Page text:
Etymology
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they (pron.)

c. 1200, from a Scandinavian source (Old Norse þeir, Old Danish, Old Swedish þer, þair), originally masculine plural demonstrative pronoun, from Proto-Germanic *thai, nominative plural pronoun, from PIE *to-, demonstrative pronoun (see that). Gradually replaced Old English hi, hie, plurals of he, heo "she," hit "it" by c. 1400. Colloquial use for "anonymous people in authority" is attested from 1886. They say for "it is said" is in Milton.

The most important importation of this kind [from Scandinavian to English] was that of the pronomial forms they, them and their, which entered readily into the system of English pronouns beginning with the same sound (the, that, this) and were felt to be more distinct than the old native forms which they supplanted. Indeed these were liable to constant confusion with some forms of the singular number (he, him, her) after the vowels has become obscured, so that he and hie, him and heom, her (hire) and heora could no longer be kept easily apart. [Jespersen, "Growth and Structure of the English Language"]
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them (pron.)
third person plural pronoun, c. 1200, from Old Norse þeim, dative of plural personal and demonstrative pronoun þeir (see they). Replaced Old English cognate him, heom.
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their (pron.)
plural possessive pronoun, c. 1200, from Old Norse þierra "of them," genitive of plural personal and demonstrative pronoun þeir "they" (see they). Replaced Old English hiera. As an adjective from late 14c. Use with singular objects, scorned by grammarians, is attested from c. 1300, and OED quotes this in Fielding, Goldsmith, Sydney Smith, and Thackeray. Theirs (c. 1300) is a double possessive. Alternative form theirn (1836) is attested in Midlands and southern dialect in U.K. and the Ozarks region of the U.S.
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pot-sticker (n.)

in Chinese cookery, "crispy dumpling," by 1983, supposedly so called in contrast to the soft variety of boiled dumpling because they look as though they stuck to the pot they were cooked in. See pot (n.1) + stick (v.).

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Marcionite (n.)

1530s, member of an early Christian sect named for the Gnostic Marcion of Sinope (c. 140), who denied any connection between the Old Testament and the New. They contrasted the barbaric and incompetent creator, who favored bandits and killers, with the "higher god" of Christ. They also emphasized virginity and rejection of marriage, and they allowed women to minister. They flourished, especially in the East, until late 4c. The form Marcionist is attested from mid-15c.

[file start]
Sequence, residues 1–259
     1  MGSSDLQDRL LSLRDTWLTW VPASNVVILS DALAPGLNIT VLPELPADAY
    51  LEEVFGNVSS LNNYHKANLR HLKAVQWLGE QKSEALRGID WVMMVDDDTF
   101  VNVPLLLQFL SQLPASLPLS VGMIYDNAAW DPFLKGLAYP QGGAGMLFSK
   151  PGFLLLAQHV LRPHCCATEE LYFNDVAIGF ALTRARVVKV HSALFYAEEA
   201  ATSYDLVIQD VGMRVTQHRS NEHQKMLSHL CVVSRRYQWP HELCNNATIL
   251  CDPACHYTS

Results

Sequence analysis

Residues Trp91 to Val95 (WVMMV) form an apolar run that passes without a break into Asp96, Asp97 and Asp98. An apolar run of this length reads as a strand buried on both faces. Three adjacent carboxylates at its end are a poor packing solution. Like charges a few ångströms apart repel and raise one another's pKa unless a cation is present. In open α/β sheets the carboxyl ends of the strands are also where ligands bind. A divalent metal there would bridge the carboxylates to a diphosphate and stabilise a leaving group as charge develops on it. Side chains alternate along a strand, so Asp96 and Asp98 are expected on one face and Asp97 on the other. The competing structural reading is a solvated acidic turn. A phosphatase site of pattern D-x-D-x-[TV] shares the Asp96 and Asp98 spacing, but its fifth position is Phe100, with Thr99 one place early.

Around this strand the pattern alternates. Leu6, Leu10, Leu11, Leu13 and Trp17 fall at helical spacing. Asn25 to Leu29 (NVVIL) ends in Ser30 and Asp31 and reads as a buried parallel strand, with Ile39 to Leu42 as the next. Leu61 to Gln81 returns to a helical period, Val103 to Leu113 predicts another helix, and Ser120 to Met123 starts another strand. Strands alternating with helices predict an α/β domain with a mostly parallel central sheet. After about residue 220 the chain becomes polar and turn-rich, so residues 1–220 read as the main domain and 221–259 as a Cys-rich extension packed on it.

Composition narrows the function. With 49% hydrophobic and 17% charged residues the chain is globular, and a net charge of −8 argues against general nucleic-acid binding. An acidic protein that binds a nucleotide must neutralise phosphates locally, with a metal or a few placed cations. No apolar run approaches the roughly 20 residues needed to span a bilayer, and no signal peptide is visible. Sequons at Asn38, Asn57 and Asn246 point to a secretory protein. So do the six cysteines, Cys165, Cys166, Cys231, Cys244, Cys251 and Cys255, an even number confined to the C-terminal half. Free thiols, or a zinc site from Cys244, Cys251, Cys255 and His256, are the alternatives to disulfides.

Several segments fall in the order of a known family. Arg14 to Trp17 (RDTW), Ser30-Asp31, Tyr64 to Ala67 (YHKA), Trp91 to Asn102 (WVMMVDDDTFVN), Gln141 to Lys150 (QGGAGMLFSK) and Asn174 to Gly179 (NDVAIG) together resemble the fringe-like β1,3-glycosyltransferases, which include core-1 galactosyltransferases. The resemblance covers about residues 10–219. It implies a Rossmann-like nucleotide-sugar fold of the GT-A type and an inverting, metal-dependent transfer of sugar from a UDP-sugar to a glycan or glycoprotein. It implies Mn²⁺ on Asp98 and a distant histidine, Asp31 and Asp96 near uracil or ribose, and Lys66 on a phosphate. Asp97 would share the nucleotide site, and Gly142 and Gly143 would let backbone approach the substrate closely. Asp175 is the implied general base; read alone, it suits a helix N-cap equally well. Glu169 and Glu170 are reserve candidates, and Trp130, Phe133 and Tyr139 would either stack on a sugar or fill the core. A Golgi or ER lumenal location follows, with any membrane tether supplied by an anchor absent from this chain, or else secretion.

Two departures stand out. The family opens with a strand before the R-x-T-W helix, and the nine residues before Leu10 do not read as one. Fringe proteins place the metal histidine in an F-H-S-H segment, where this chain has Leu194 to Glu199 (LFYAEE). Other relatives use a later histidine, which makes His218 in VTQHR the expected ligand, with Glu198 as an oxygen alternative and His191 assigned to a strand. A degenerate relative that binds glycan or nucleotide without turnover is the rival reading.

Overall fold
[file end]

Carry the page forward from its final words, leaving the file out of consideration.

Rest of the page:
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polarity (n.)

1640s, "the having two opposite poles," originally of magnets, from polar + -ity. The sense of "variation in certain physical properties so that in one direction they are the opposite of what they are in the opposite direction" is from 1670s.

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seeker (n.)

c. 1300, secher (late 13c. as a surname), "one who searches, investigator," agent noun from seek. The religious sect of the Seekers is attested from 1645; they professed no set religion but said they went in search of a true ministry.

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chinos (n.)
(plural) 1943, from American Spanish chino, the name of the fabric from which they are made (see chino).
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underwear (n.)
"undergarments," 1872, from under + wear (n.). So called because they are worn under one's clothing.
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septemdecimal (adj.)

"of seventeen years," 1855, originally and usually in reference to cicadas, from Latin septemdecim "seventeen" (see seven, ten) + -al (1). Related: Septemdecimally. Septemdecenary "occurring once in 17 years," also of cicadas, is attested by 1843 (in William Kirby and William Spence, "An Introduction to Entomology," an etymology/entomology contact).

They never descend very deeply into the earth, but remain about the tender fibres of the roots. The only change they appear to undergo in their subterranean pilgrimage of seventeen long years is increase of size. As the time of their transformation approaches, they rise to near the surface of the earth, form cemented cells, in which they pass their pupa state, after which they burst the skin on the back and ascend the first tree, and again perform their septemdecimal offices of generation. [John Hooper, report on the seventeen-year locust, in "Annual Report of the American Institute," New York, 1855] 
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